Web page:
Zam's picks for Best of E3 2016

Laura, Danielle, and Kris come together to share their highlights from 2016's show floor.

E3 wrapped last night, and now Zam is recovering from the experience by sleeping in late and re-watching a lot of cool trailers. The Zam editors have each picked our favorite games from the show. We saw a lot of really exciting stuff, ranging from surprise indie games we’d never heard of to the big-name, highly-anticipated triple-A games we all knew we’d be seeing. (COUGH ZELDA COUGH COUGH.)

Check out our nine favorite games here. Make sure to take a look at our linked articles and videos -- this is just an overview, and there’s a lot more interesting stuff we’d like to share with you about these games!

Be sure to check out our recap video (above) as well!

Danielle Riendeau, Reviews Editor

As the E3-from-afar team member, I can only comment on things I saw, rather than things I played. But hey, E3 is all about hype, and here’s what got my little heart beating faster for the hype train!

Prey

This new Prey has nothing to do, supposedly, with the amazing-looking Prey 2 demo from E3 a few years back. Nah, this is a sci-fi horror immersive sim from Arkane Austin -- and I am so, so down for that. There wasn’t much more than a trailer at Bethesda’s E3 press event, but the heady sci-fi concept -- that you are an experimental subject on a futuristic space station, with an alien threat stalking you -- was enough to get this Alien: Isolation fan’s attention.

Zelda: Breath of the Wild

Nintendo showed something like 8 hours of gameplay from the upcoming Zelda game -- which purports to be an open world reinvention of the beloved series. It looks gorgeous, it appears to leave behind the annoyances of the brilliant-but-motion-controlled Skyward Sword, the last main game in the series, and the sense of freedom and emphasis on exploration sown off in the demo looked intoxicating. This was pretty much all Nintendo really had at E3, but it was all the company really needed to get me excited.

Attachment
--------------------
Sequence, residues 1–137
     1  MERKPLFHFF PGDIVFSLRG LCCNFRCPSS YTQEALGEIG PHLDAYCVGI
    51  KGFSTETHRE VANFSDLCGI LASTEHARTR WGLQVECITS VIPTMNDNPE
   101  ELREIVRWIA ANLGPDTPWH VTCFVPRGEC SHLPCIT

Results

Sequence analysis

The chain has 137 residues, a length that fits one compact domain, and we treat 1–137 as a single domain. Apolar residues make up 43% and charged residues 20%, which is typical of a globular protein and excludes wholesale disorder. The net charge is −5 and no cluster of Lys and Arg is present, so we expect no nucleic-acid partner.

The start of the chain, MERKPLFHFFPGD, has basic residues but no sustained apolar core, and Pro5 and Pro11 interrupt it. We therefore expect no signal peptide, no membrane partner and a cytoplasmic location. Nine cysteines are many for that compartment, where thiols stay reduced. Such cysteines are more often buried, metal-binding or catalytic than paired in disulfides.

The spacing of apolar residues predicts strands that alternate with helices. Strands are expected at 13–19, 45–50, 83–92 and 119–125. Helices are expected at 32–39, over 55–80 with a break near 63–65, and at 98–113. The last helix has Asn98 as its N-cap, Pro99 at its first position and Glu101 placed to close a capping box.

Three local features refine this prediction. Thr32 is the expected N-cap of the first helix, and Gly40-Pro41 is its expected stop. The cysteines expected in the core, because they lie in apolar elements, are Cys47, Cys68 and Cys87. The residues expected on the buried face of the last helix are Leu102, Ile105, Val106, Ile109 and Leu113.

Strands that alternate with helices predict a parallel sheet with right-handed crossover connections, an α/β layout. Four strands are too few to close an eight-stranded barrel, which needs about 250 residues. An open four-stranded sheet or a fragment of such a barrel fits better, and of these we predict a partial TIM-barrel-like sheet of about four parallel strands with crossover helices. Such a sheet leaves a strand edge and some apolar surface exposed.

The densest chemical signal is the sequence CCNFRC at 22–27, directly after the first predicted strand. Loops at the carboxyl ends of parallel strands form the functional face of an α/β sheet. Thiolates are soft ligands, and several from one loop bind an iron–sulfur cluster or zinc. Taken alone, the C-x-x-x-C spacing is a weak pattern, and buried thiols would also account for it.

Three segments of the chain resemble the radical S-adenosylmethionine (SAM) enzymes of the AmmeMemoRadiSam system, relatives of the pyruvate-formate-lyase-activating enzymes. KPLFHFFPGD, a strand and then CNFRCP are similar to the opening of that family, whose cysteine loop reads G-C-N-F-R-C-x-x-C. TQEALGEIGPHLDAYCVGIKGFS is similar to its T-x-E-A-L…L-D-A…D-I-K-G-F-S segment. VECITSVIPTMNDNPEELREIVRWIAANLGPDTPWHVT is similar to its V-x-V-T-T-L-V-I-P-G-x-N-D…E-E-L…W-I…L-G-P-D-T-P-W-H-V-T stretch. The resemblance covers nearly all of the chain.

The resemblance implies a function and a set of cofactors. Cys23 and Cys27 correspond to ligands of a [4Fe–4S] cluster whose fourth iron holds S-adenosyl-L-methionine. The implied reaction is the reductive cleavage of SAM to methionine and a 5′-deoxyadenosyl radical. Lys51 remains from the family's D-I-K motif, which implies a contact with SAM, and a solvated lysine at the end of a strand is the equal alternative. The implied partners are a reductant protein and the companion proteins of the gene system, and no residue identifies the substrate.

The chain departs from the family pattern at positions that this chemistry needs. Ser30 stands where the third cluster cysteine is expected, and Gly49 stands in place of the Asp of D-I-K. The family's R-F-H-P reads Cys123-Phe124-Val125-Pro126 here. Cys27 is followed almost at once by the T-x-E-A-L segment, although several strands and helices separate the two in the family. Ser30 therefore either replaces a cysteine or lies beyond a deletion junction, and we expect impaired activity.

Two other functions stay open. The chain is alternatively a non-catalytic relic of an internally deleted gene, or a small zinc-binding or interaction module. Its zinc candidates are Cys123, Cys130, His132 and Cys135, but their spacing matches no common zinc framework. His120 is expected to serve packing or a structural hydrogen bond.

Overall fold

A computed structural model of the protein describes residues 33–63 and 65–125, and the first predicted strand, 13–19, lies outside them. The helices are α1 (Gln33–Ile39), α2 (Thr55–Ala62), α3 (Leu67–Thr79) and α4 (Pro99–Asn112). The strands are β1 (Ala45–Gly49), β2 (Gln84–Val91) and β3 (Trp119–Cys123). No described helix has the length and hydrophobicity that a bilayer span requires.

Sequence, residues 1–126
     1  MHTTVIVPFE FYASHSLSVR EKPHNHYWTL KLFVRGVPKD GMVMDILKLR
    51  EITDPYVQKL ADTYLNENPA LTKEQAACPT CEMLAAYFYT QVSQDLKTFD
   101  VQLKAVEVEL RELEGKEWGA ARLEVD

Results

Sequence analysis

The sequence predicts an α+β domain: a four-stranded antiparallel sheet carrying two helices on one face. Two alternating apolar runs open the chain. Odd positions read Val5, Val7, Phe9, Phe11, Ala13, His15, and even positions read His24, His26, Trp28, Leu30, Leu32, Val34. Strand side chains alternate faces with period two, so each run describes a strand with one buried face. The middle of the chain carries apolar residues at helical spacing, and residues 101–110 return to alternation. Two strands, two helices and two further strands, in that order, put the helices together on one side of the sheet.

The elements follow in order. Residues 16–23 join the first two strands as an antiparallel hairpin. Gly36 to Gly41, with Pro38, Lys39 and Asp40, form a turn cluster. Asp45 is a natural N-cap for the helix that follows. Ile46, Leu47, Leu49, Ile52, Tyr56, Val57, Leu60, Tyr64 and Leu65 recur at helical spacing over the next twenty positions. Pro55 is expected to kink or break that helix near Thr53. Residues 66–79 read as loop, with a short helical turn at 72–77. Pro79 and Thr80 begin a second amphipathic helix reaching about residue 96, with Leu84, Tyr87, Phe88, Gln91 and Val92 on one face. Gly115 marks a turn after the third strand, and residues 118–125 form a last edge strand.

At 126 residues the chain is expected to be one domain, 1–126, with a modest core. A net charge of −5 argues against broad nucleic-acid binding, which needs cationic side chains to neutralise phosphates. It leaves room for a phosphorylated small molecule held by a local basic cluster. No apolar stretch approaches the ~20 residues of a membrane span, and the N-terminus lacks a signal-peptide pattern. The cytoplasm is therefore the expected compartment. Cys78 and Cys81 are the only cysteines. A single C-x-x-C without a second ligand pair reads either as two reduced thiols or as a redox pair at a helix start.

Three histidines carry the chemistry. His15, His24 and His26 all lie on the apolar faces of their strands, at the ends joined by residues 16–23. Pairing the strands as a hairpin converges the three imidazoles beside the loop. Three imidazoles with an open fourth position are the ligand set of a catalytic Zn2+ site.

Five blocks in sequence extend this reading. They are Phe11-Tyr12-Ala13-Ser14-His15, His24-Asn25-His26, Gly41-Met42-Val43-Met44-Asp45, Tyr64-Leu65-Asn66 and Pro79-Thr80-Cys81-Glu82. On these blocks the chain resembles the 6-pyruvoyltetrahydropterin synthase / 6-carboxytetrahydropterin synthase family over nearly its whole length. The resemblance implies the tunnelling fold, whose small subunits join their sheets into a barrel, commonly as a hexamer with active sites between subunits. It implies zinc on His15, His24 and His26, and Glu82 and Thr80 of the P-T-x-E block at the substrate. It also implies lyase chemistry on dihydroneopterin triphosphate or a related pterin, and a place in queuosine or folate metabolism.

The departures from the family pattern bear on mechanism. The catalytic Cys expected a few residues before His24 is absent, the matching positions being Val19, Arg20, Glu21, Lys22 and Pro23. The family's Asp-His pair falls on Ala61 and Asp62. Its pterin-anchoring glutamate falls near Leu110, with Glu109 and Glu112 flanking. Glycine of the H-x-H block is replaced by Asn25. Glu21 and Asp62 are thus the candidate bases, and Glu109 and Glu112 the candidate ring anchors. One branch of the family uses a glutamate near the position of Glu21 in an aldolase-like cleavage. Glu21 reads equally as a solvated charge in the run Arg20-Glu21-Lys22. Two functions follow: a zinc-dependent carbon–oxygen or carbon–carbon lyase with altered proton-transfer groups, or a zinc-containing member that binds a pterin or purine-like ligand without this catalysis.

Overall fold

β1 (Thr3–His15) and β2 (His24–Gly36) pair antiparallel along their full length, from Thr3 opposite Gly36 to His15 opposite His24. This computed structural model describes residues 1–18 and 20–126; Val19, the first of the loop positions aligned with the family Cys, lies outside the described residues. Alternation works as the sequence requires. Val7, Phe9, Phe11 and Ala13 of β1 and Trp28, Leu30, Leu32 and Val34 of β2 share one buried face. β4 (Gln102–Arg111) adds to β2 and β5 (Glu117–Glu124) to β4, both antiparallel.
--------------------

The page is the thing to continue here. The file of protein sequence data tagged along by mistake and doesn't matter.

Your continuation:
We Happy Few

We Happy Few looks weird - it’s an adventure game set in a wacky, reality-shifting alt 1960s London, where you take the role of a subversive… journalist? Time traveler? Reality shifter? There was a lot going on in the short gameplay demo we were served at Microsoft’s press event this week, but there was an uneasy, distinctive vibe present. I’m a huge sucker for the weirder things shown off at these hyper commercial events, (see also: Death Stranding) and I’m very intrigued by what the devs at Compulsion Games are cooking up.

Agents of Mayhem Agents of Mayhem

Kris Ligman, News Editor

Agents of Mayhem

As a Saints Row supernerd -- no seriously, I was in the midst of doing research for a book on it when Laura summoned me for this position -- I’m always interested in what development studio Volition’s going to be putting out next, and Agents of Mayhem is checking off all the right boxes for me. My first hands-on with it during E3 week did not disappoint: Mayhem’s near-future Seoul reminds me of a more vibrant rendition of Binary Domain, while the combat is a surprisingly intuitive blend of traditional third-person shooter and hot-swapping (anti-)heroes. I’m always here for Volition’s larger-than-life characters and comic book irreverence, but it’s the combat that’s going to make this a day-one purchase for me.

Overland